• 11ish - I arrive at the middle school (where summer school is held) for Library on the Go. My aide, M, meets me there. We had a few kids for the first hour, one that was waiting for us! but we mostly talked over upcoming stuff and how tired we are. We are very tired.
    • 12 - we moved everything down to the cafeteria and things really take off. checking out books, kids decorating wooden tongue depressor bracelets, very noisy!
    • 1ish we got back to the library. M collected her personal volunteer, L, and went to get lunch, Jess went to get lunch, I had lunch. 
    • 1:30ish I met with both Ms (outgoing aides) to discuss final days and projects and supervised shifting the ya, bringing up the huge stash of cardboard cutouts from the basement, and sending down other stuff in their place. It's not exactly dry down there, but most of the puddles on the floor are gone...
    • I sorted through some of the last bits of stuff from the storage closet (mostly boxes of paper goods - which do I need and which can be stored elsewhere?), sorted some of the Library on the Go stuff I had brought back, and stared at the schedule in despair. 
    • 3ish my faithful volunteer D showed up, but I had forgotten to tell her that the program was outdoors and super messy. So the Ms and L set up the outdoor program and mostly ran it (pools, stringing lines for paintings, putting out frozen paint and platters of paint, etc.) while D worked through the shelving tasks that she is familiar with. Messy Art Club paint-sicles and sponge painting was on.
    • 3:30-5:30 I went in and out, keeping an eye on the program, cursing the hot weather (I really, really, really don't like heat) and around 4:30 came back inside. I talked with Jess and D about what we were doing with the cut-outs and belatedly caught up on all the stuff I'd brought back from Library on the Go (the computer hadn't worked so I'd written a lot of it down, plus I had to enter all the barcodes manually, update names I had guessed at the spelling, etc.). 
    • 5:30 the Ms cleaned up, and I cleaned out my email, uploaded photos to Facebook, and tried to figure out how the heck I had ended up ordering multiple copies of random dvds.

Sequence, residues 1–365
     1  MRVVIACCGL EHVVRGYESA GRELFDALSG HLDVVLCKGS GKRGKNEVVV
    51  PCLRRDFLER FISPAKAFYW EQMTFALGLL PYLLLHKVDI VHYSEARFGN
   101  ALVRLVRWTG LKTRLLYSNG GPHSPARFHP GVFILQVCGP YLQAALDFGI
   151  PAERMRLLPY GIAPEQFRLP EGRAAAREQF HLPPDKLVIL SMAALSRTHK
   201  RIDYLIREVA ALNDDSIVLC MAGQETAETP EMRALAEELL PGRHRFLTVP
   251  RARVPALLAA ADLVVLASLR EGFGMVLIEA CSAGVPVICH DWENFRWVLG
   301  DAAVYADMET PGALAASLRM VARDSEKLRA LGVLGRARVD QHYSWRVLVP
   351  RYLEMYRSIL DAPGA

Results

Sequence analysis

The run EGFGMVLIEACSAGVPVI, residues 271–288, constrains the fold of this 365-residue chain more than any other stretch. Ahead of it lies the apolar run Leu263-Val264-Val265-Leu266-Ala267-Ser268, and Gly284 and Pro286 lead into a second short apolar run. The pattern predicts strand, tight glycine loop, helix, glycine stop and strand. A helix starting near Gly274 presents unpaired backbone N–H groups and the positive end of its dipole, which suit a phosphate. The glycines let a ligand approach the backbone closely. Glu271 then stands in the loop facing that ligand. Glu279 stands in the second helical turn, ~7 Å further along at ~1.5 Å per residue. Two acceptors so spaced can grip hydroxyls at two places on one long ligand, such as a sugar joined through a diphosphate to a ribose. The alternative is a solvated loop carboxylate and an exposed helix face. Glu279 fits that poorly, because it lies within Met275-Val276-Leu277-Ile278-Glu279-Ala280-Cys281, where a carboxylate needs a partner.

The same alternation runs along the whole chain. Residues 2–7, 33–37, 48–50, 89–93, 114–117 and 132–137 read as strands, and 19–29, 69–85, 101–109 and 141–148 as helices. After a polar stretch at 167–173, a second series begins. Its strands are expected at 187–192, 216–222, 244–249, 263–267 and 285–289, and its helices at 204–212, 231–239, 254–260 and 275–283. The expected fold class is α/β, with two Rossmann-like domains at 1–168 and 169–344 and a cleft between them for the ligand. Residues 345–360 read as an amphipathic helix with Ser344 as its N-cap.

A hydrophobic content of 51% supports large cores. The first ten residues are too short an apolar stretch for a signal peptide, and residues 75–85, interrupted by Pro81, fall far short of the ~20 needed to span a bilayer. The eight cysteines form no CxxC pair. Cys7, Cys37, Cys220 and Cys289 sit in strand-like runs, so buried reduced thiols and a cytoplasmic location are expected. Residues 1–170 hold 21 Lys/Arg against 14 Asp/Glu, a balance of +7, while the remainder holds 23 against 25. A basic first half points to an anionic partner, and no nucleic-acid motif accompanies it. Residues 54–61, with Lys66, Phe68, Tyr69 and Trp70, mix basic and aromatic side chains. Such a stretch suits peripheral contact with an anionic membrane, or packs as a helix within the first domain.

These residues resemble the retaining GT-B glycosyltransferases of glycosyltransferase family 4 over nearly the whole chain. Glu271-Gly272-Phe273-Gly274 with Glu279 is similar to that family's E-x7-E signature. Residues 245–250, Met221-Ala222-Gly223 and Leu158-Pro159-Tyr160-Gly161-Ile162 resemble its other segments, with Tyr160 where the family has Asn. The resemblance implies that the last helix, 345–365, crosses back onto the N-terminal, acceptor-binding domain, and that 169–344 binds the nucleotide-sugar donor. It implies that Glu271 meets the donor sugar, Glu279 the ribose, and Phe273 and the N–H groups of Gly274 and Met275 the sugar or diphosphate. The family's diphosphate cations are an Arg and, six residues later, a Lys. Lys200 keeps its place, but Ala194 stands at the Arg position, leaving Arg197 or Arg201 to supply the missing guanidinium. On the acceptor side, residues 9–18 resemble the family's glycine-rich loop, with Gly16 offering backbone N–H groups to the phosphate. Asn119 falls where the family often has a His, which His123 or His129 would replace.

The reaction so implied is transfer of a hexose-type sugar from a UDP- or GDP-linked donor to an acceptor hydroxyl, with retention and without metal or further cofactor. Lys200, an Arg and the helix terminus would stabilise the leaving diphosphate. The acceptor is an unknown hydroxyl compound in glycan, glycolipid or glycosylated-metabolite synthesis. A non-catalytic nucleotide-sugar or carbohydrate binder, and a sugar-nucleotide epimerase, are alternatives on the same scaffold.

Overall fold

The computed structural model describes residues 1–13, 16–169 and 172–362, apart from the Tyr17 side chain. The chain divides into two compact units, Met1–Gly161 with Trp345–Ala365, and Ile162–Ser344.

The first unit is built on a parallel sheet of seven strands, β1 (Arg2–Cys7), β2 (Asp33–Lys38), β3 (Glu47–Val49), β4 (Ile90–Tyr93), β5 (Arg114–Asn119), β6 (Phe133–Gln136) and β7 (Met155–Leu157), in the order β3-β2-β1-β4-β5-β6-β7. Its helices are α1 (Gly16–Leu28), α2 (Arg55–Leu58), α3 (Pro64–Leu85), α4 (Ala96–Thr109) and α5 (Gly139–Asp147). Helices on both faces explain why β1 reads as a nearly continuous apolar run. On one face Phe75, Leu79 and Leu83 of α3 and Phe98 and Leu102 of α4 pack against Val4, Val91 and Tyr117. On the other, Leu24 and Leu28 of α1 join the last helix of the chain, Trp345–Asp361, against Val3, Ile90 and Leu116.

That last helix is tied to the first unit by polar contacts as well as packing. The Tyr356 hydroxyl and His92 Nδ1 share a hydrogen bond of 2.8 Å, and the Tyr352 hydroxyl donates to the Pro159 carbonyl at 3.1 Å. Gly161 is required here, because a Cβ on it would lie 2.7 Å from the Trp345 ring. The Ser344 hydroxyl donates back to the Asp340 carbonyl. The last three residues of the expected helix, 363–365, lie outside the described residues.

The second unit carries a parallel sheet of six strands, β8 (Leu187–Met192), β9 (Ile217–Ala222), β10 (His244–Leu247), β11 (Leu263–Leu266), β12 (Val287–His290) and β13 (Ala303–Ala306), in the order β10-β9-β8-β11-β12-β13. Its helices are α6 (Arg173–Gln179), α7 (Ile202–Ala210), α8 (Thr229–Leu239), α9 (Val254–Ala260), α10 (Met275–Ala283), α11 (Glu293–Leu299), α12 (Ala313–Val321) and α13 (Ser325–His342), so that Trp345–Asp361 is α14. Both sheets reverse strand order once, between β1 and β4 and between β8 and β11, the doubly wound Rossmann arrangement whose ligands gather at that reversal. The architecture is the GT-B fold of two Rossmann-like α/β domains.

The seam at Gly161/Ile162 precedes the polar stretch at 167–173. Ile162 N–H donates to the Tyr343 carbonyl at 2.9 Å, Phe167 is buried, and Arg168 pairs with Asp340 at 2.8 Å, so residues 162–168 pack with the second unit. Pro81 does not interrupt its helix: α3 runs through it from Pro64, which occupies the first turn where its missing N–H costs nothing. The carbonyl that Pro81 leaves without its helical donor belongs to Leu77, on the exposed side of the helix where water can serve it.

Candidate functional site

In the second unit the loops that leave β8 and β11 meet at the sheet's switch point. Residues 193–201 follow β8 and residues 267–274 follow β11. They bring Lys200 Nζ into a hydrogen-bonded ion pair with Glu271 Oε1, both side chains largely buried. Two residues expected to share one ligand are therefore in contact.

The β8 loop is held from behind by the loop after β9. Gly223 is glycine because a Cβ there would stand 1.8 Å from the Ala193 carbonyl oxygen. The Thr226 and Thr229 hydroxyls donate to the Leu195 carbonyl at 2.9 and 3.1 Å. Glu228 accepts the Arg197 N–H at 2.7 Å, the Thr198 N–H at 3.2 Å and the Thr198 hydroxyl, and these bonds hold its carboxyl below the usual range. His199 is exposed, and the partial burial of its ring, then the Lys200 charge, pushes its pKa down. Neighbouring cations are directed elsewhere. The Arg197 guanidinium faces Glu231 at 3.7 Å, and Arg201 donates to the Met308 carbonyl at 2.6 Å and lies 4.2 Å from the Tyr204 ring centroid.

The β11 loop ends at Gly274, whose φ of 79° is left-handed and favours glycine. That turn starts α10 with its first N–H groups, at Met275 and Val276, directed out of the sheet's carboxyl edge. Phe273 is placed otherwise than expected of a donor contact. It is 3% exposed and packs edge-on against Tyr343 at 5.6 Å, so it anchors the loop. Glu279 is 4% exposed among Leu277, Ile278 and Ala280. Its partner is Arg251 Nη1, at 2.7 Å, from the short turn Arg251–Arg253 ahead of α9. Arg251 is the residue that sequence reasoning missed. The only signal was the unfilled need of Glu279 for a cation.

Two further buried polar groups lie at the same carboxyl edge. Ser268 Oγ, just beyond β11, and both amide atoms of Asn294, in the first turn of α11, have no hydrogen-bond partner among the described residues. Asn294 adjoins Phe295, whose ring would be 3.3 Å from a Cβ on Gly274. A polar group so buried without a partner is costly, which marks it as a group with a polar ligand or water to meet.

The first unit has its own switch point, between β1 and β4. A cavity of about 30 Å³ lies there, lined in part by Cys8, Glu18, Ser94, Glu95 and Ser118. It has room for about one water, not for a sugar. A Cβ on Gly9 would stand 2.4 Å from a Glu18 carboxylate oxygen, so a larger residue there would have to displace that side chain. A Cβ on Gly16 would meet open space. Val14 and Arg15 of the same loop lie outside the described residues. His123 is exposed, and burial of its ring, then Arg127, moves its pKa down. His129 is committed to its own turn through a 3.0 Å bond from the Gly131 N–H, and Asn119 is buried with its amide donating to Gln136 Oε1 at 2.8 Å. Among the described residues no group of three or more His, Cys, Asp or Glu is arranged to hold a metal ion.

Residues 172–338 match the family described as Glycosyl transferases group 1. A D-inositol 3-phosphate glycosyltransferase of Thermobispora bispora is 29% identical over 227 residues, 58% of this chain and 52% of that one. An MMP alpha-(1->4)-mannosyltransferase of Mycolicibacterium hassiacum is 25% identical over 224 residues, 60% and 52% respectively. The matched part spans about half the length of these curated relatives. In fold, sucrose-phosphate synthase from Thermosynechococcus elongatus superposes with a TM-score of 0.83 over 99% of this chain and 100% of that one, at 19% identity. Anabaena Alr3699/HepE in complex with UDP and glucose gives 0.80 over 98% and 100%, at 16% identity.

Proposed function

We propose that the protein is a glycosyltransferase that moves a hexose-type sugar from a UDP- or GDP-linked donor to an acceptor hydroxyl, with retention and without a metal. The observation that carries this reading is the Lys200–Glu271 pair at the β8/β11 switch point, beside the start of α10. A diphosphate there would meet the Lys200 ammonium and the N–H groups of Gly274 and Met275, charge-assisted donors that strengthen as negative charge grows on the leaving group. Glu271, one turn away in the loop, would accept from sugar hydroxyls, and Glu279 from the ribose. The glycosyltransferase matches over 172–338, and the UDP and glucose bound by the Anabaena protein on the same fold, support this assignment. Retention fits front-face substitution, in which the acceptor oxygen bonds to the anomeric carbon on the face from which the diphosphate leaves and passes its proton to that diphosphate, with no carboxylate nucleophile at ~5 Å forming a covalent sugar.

• I left around 6. A long, hot, icky day.
  • Friday
    • Ah, nice and cool. Well, not inside, but at least I know it's cool outside.
    • 10ish - got to work, packed up and organized all the paper products sitting in the storage room, tidied up displays, working on finishing new maker kits and storytime kits. Also ya weeding and cleaning off my desk. Various enquiries at the desk, not too busy.
    • 12 - aide came in, got her started on various projects. Finished 2 maker kits and some more weeding.
    • 1ish - ate lunch in between wandering in and out, dealing with patron incident, and staff setting up the chromecast for the maker workshop (apparently all technology breaks when i get near it).
    • 2:30 - all the maker kits and toy bags are finished and caught up! Now to finish some ya weeding before the maker workshop...
    • 3:30-5:30 Maker Workshop: Crochet. This was a new one I was trying. One attendee I think was a little too young - I showed her how to finger knit. One struggled valiantly despite being left-handed and did a really good job for me being such a poor teacher! A couple caught on right away, others took longer and then happily chained away!
    • 5:30-6 ran through applications, posted photos, and went through a bunch of bills plus a few other things before leaving for the week.
And there is my week. Programs on In Short, I am Busy and maker kits and stuff on Read 'n' Play